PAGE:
Visit the museum website: or call 605-791-3266.

Bison: Monarch of the Plains, for which I wrote text to illustrate photos by David Fitzgerald (published by Graphic Arts), is still available, usually at a reduced cost, through various online outlets. Because the book was primarily photographic, much of my text was cut, but there’s still good information-- and terrific photos.
See my website page about the book by clicking here.

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Kitty Cat's Family: The Rest of the Story

Kitty Cat with some of her kittens, May 2013.
. . .
For more of Kitty Cat’s life, see the Cat Stories page of this website and see my blog post for June 15, 2013.

But here’s the rest of the story.

We first began seeing the stray we called Kitty Cat in November, of 2012. We didn't especially want a cat, but when she was cold and hungry, we took care of her. In return, she cut the population of rabbits considerably. We think she hunted so efficiently that the great horned owls had to go elsewhere for sustenance.

On April 18, she presented us with five kittens. We immediately began providing food and a litter box and all five kittens quickly adapted. When they were several weeks old, Kitty Cat hauled all but one of them to the woodpile beside Jerry’s blacksmith shop, where we found them: cold, scared and yelping. We hauled them back to the heated shop and kept them all confined for a few more days.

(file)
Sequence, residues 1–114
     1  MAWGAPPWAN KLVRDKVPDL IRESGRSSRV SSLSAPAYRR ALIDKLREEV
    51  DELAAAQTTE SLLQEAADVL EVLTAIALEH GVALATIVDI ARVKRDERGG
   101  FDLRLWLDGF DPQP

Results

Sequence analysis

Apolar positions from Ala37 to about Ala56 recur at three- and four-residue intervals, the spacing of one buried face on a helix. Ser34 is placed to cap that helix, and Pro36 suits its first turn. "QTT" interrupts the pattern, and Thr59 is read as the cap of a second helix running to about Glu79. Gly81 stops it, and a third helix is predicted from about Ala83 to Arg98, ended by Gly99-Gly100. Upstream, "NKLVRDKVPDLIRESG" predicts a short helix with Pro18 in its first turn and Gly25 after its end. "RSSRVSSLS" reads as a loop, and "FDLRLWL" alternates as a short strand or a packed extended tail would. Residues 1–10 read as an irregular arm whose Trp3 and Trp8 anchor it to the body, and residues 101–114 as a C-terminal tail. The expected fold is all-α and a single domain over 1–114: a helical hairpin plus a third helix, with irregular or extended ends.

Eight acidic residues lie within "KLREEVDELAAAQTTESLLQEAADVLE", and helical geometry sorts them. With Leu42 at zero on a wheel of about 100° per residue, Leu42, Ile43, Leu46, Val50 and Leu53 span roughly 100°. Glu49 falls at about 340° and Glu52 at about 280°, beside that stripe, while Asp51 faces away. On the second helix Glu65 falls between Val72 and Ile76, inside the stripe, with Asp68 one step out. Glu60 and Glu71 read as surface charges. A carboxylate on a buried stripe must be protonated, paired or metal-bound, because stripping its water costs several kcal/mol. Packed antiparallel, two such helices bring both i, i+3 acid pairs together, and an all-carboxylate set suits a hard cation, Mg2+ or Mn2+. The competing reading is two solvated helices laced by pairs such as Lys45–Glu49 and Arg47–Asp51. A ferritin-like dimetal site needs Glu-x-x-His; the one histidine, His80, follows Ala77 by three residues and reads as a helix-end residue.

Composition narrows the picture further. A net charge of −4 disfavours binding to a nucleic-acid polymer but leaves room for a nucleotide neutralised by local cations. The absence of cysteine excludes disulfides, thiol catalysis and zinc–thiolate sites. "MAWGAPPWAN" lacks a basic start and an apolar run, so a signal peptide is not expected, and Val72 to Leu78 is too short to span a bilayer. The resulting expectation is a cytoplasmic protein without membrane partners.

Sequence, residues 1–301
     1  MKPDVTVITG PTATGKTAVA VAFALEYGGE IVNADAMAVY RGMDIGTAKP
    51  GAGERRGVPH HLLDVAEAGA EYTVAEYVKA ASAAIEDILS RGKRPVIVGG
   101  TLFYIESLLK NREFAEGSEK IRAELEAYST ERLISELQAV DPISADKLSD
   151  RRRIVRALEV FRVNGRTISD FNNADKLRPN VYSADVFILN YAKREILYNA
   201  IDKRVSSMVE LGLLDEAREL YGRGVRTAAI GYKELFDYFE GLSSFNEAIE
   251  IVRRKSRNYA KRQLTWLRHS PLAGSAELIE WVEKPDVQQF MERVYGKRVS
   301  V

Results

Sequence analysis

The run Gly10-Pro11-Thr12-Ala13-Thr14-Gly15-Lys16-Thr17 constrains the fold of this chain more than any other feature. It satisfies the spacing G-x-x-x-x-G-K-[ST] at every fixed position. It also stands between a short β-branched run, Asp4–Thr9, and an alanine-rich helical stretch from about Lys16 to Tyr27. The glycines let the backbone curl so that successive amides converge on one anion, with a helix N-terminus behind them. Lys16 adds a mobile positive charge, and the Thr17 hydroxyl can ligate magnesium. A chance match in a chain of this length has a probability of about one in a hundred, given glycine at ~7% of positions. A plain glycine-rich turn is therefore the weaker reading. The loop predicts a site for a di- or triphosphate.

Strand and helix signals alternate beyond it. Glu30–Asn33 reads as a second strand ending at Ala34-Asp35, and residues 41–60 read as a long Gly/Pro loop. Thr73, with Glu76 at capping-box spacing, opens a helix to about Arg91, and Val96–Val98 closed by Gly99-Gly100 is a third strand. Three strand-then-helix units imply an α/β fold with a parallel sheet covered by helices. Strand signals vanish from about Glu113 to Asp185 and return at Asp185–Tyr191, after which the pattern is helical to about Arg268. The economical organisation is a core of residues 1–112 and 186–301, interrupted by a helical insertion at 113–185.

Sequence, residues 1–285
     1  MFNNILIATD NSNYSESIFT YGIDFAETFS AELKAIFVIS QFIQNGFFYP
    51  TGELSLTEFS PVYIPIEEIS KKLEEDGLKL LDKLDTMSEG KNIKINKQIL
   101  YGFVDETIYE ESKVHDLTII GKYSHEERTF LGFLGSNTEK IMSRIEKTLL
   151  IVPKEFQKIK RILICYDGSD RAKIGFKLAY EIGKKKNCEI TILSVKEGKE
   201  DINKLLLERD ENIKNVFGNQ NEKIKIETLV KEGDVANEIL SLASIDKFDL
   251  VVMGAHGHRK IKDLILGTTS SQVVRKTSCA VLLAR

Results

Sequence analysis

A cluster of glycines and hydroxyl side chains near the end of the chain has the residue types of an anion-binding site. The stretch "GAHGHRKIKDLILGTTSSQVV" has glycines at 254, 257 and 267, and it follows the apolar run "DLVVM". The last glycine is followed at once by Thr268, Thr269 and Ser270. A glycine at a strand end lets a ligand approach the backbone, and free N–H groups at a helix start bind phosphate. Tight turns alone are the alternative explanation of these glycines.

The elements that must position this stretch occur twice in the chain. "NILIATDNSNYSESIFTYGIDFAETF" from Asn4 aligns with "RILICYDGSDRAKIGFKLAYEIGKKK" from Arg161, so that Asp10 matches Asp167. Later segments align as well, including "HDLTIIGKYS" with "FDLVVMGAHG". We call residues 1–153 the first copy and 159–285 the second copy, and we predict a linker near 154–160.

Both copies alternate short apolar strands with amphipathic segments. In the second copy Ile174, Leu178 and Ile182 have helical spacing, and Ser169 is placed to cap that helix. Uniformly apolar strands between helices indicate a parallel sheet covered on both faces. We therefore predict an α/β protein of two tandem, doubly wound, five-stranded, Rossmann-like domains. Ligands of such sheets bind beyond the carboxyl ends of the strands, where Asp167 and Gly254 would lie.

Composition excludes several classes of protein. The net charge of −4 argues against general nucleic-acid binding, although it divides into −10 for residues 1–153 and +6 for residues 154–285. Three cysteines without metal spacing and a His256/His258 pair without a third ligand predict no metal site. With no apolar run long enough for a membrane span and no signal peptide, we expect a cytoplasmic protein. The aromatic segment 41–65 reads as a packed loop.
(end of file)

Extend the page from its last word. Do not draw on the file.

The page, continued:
Then she moved them again, to the blacksmith shop where she and the kittens could come and go under the big sliding door. So we left them, thinking she was trying to teach them to be independent. And she continued to hunt: almost every day she brought in a rabbit, several baby rabbits, several ground squirrels, or birds. The kittens grew and used the litter box and ate expensive food while we began trolling among our friends for folks who needed cats.

We took out ads in the newspaper. We put up posters in local pet stores, grocery stores, vet clinics. We told our friends, endlessly, that the cats needed homes.

Finally we had to have Kitty Cat spayed or the cycle would continue. I wrote the following letter to the newspaper.

The Cost of Your Abandoned Cat

Someone dumped a sweet half-grown cat near our ranch, perhaps thinking she could “live free in the country.” We took her in.

Spaying the cat and giving her essential shots cost $430.52. Neutering her five kittens and providing their shots would cost $1000 we can’t afford. We’ve fed them, at $10-15 per week, since April. The kittens are playful, litter box trained and love to be petted, purring vigorously. Unless we give them away soon, we must kill them; we have all the pets we want. If we stop feeding the kittens, they will decimate our birds or be killed by a coyote. Daily the mother cat brings in a rabbit, or several gophers or birds, trying to teach them to live on their own.